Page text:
Integrated Pet Vet column: Stress causes behavior and health problems in cats | PostIndependent.com

Integrated Pet Vet column: Stress causes behavior and health problems in cats

Dr. Ron Carsten
Integrative Pet Vet

Long-term stress can have detrimental effects on health and quality of life because stress affects almost every part of the body. Short periods of a stress response, on the other hand, can be beneficial for dealing with a crisis.

Hormones released from the adrenal gland and stimulation of parts of the nervous system are responsible for responses like an increased heart rate, improved blood flow to muscles, and increased breathing. The stress response is intended to be short-term so the individual can quickly manage challenges then recover.

Long-term or chronic stress has detrimental effects that can lead to behavioral problems and stress-related diseases. Numerous factors play a role in an individual’s ability to cope with stress, including both genetic and environmental factors.

Development of the stress response starts before the kitten is born and can be affected by the mother’s quality of nutrition and amount of stress that occurs during pregnancy. Kittens born to a stressed mother with poor nutrition are prone to developing stress and have poor coping abilities that lead to common behavior problems. This can be compounded if there is a lack of proper socialization to the household environment and contact with people and other animals at an early stage of life.

Indications that a cat is stressed include hiding, elimination issues like not using the litter box, loss of appetite or overeating, vomiting hair and/or bile, low activity, aggression, or overgrooming. While there may be medical problems underlying these behavior changes, chronic stress can be the initiating cause, and addressing stress inducers can be an important part of successful management.

For example, a cat that eliminates outside the litter box could have an infection in the urinary bladder or could have osteoarthritis pain that prevents appropriate use of the litter box. However, chronic stress from any source, including pain, can lead to inflammatory conditions in the urinary bladder by weakening the protective glycosaminoglycan (GAG) layer. The GAG layer protects the lining of the urinary bladder from the irritating effects of urine. A weakened GAG layer is associated with release of substance P, which is associated with pain, anxiety and depression in humans.

Stress impacts the digestive system, resulting in slowing of contractions in the stomach and small intestine while stimulating contractions of the colon. Individuals that are sensitive to stress have an exaggerated response that can lead to a host of digestive problems including inflammatory bowel disease.

Chronic stress can disrupt the normal immune response leading to inability to effectively mount an appropriate immune response, allowing latent infections to activate (see “The sneezing cat,” Post Independent March 23, 2018). This disruption can also result in ongoing inflammation (see “Chronic inflammation can negatively impact health,” Post Independent September 25, 2016). Adrenal gland response to inflammation is important for controlling inflammation. Interestingly, cats with chronic urinary bladder disorders have been shown to have weak adrenal responses and smaller than normal adrenal gland size.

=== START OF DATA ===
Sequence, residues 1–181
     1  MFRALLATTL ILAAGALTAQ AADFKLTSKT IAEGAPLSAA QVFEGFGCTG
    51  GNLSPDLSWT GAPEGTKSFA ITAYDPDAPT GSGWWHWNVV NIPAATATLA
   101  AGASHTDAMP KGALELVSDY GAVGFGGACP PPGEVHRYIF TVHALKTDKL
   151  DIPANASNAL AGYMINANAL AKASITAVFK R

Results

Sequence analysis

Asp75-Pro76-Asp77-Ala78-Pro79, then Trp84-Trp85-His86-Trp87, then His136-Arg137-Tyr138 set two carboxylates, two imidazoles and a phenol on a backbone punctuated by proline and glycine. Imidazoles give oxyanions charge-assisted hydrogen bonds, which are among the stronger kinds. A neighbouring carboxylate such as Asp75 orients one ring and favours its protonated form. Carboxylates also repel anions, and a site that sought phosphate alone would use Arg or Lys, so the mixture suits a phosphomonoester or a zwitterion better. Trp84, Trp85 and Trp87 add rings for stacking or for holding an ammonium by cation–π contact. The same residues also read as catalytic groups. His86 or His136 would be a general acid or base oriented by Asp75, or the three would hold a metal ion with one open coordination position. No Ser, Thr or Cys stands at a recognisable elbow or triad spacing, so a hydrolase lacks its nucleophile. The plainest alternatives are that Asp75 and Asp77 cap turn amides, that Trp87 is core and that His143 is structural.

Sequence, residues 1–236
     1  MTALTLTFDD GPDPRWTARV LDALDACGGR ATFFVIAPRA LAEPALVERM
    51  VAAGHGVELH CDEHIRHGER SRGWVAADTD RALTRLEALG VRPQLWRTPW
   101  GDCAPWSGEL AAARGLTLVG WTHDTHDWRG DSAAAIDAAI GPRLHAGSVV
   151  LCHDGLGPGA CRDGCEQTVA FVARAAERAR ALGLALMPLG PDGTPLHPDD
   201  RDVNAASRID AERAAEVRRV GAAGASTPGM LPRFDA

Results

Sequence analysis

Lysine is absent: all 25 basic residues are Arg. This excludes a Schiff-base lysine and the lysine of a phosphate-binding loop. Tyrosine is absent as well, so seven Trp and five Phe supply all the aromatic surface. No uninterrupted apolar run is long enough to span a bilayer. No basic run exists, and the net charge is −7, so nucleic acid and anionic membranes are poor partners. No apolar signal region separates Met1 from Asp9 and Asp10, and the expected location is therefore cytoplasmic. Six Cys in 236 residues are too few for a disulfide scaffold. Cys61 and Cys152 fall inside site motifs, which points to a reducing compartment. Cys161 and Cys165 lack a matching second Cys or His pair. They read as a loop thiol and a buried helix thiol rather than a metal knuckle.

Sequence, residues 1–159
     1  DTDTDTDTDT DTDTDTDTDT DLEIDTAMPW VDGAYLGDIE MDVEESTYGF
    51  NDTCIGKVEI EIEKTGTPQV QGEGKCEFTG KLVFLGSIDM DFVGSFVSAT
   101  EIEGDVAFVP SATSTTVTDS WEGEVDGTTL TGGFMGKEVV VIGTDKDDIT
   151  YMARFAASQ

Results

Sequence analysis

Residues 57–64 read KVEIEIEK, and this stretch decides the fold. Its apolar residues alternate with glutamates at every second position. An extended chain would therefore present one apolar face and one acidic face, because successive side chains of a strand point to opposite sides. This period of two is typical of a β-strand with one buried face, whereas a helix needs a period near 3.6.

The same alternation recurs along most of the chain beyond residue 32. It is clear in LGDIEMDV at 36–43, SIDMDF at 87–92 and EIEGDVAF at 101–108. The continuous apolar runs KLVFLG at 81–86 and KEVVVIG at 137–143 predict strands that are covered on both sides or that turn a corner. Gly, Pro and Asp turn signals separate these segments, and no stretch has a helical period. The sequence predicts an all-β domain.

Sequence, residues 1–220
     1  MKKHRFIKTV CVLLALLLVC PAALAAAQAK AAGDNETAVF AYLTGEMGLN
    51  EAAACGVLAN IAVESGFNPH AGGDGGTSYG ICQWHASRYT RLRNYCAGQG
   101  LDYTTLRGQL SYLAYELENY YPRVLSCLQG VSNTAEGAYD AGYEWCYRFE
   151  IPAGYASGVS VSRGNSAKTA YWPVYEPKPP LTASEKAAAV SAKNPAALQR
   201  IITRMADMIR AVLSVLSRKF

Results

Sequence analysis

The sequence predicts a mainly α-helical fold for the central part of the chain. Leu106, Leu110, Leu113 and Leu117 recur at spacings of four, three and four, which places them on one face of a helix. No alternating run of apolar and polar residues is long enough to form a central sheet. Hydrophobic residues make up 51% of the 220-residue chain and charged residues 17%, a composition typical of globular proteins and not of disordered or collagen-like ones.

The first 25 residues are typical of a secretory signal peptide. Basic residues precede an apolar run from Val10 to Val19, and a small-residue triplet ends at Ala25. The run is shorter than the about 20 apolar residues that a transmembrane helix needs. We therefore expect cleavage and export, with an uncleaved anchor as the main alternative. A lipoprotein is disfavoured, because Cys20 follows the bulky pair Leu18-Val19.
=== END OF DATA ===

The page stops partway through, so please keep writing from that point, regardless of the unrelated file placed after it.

Management of disease problems associated with chronic stress in cats requires not only dealing directly with the disease itself, but also managing the factors that contribute to chronic stress.

Assessment of the home environment for stressors and ways to avoid the stressors is important. Cats should be provided unrestricted access to resting areas that are free from other cats, dogs, small children or loud noises. Food should be high quality, competition between cats should be avoided, and simulation of predatory behaviors using food puzzle toys can be helpful. Litter boxes with appropriate litter should be large enough to easily accommodate the cat and should be located in a location that feels safe to the cat. Cleaning should be done daily. Opportunities to scratch and have play behaviors are important.

Some foods and supplements containing L-tryptophan and milk casein can be beneficial. Probiotics can play a role in normalizing the stress response. Products like Rescue Remedy and Feliway may reduce the reactivity to stress. Adaptogen herbs and supplements that support improved adrenal function can assist in achieving appropriate stress responses.

Contact your veterinarian if you have questions regarding stress in your cat.

Ron Carsten, DVM, PhD, CVA, CCRT was one of the first veterinarians in Colorado to use the integrative approach, has lectured widely to veterinarians, and has been a pioneer in the therapeutic use of food concentrates to manage clinical problems. In addition to his Doctor of Veterinary Medicine, he holds a PhD in Cell and Molecular Biology and is a Certified Veterinary Acupuncturist and Certified Canine Rehabilitation Therapist. He practices integrative veterinary medicine in Glenwood Springs.


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